Our Strip Mall Romance


I told myself I’d write about the time we parked your station wagon at the top of the Hollywood Hills by the bird streets and sat and talked during Thanksgiving break. I don’t even remember if we kissed.

We probably did though. I’d hope. Unlike today, when you didn’t kiss me after dropping me off and I texted you and asked you why. Apparently that isn’t something you just ask at 5pm on a Monday. It was a holiday though, so it felt like Sunday.

I want to love you in tiny Thai restaurants in strip malls east of Hollywood and in line for taco trucks south of downtown. I want to wait until the second hour of traffic before I nervously make the move and hold your hand as we drive on the 10 at rush hour after work.

I brought it up in your car when we parked outside my apartment in New York the night my hair was done like an old movie star. The smaller car, but still a Mercedes and white. My feet were on the dashboard, legs resting in a way where you couldn’t tell I had tattoos and I almost wished I never did. And then as I started wondering how my life would be different if I didn’t have a giant SF logo or the word YOLO on the back of my ankle, you said we never drove together on the bird streets.

Sometimes when it’s too hot in New York (and it’s never a dry heat), I think about getting lost at the Rose Bowl flea market with you as we zig zag and make our way from art deco to Hollywood regency, through the eras you look like you were meant to live in. I wonder if you’d love me in LA more back then. In vintage dresses like the one I was wearing when you first kissed me. When my waist was small enough that your hands almost fit around it when I sat on you. Do you remember when you asked me if I remembered the first time we kissed? It took a while but I finally do.

I want you to love me from Abbot Kinney to Blue Jay Way. I want to kiss you parked outside the house you grew up in before your parents got divorced and stare up at you on the Venice boardwalk so my eyes don’t see the ugly parts filled with new condos and chain restaurants and Snapchat offices.

We can stay up late at night on the phone and keep our 310 numbers forever. You can call me when it’s late from the living room of your two bedroom apartment in adult Brooklyn. We can talk about hanging out in LA and all the things we’d do, how we’d drive on PCH and I’d hope it wouldn’t remind you of your ex, the one from Malibu who worked at that American Apparel. We can make plans for when I’m in New York and keep maybe ten percent of them. Talking about them is half the fun anyways. They can remain perfect in my mind, not ruined by the rain or by me or by the fact that this is all a fantasy like that day in November in 2011 in your car on the bird streets.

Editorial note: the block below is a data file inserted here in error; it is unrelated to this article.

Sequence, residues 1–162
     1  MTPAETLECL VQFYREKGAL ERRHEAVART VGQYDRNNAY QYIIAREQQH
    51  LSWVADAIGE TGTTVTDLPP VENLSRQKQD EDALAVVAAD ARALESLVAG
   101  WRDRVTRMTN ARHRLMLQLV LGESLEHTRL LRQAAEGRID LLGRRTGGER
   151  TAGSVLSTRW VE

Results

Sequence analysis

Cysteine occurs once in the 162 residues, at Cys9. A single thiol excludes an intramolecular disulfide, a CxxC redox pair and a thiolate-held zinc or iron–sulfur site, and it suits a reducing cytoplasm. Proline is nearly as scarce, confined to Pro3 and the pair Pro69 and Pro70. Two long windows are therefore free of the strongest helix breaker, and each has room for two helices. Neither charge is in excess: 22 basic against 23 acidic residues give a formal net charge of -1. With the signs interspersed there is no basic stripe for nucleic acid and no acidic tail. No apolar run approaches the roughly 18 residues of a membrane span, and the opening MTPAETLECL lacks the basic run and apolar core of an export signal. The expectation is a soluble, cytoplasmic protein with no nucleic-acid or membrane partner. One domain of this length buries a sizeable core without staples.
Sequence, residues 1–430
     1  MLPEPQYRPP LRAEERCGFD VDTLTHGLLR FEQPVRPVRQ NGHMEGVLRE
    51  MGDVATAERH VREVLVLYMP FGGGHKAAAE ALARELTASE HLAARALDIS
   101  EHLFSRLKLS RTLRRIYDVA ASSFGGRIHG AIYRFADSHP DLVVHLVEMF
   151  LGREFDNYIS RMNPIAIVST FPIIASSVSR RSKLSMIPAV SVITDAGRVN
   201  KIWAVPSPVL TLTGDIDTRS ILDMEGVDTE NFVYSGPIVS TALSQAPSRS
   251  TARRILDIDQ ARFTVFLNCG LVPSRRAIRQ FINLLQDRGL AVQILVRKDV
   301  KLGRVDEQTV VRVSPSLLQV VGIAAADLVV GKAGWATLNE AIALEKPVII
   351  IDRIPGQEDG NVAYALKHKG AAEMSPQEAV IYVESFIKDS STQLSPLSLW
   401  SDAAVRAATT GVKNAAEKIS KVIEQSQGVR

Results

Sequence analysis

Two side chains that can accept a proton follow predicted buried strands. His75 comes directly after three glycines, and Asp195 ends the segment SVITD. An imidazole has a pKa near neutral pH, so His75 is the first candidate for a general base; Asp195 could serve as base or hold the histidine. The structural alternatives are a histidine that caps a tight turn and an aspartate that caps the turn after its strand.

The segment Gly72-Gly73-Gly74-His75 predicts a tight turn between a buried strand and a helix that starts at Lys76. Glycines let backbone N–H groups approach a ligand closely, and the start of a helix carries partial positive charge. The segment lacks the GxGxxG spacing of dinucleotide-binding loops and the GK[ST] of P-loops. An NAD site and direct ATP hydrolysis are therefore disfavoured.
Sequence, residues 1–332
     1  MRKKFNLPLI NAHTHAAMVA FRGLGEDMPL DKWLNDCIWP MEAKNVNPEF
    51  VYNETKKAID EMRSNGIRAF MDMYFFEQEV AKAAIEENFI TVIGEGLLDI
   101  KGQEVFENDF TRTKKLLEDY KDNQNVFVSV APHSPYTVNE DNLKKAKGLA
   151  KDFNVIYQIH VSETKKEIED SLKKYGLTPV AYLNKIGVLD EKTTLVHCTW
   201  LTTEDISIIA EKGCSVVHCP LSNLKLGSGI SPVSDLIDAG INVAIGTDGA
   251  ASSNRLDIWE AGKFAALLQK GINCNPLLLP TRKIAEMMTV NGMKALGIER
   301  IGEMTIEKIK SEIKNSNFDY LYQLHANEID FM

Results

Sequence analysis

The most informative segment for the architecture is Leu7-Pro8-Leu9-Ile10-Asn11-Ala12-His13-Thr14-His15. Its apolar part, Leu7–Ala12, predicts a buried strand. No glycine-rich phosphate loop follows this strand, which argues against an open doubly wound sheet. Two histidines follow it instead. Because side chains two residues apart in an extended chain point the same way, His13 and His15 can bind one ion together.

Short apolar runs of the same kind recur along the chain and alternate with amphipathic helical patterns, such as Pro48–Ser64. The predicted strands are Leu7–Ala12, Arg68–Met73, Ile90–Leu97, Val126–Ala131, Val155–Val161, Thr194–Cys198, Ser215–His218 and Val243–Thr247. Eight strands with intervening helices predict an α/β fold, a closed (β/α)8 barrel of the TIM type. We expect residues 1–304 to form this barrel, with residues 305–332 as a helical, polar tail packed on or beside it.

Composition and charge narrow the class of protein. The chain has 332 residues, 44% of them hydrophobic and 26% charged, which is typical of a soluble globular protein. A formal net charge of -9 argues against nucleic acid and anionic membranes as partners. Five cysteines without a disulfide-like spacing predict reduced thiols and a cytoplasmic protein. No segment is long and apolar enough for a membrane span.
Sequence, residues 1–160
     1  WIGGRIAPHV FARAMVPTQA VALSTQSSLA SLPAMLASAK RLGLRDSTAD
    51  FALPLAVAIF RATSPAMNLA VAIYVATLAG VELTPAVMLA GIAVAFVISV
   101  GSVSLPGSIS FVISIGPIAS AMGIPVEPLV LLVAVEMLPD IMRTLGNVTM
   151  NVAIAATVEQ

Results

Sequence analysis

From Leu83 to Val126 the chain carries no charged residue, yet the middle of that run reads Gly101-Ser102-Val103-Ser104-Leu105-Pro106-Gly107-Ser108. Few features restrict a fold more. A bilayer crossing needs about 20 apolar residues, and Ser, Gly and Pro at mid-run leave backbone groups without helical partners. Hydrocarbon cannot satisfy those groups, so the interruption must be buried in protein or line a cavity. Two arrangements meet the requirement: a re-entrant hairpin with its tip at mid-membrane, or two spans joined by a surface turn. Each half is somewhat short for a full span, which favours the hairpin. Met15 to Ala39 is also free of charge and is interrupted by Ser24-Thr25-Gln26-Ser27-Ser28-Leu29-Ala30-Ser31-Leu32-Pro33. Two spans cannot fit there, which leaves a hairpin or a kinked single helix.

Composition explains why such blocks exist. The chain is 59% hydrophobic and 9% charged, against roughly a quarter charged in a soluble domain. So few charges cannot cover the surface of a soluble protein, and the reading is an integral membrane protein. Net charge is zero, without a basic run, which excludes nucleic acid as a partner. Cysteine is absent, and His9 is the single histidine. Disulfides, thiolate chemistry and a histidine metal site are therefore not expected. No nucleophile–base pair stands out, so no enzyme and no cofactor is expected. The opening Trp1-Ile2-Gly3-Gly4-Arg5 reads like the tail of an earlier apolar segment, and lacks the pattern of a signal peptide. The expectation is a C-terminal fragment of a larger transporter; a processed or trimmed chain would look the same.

I’ve never felt at home east or west of the 405. On Sunset in cars or on Speedway on foot. I’ve never felt safe in the alley of my family’s house in Venice Beach, whether I have a key or know the gate code, 0075.

But I think I could feel at home with you parked on the bird streets, drunk enough to kiss but not too drunk to drive. You said it didn’t happen, and that at the most, maybe it was Mullholland. I want you to feel at home when I’m around, the way I always wanted to feel at home when I used my knuckles, not my fake nails, to punch in the door code to get back into my parents house, or as I picked up Chinese restaurant menus from the pebbled entryway to my West Hollywood apartment or fumbled fearlessly on my Williamsburg stoop for the right key. And in this version, you start missing me before the gate opens, or the door unlocks, or I find the key. And we kiss. And we both remember and aren’t scared to admit it.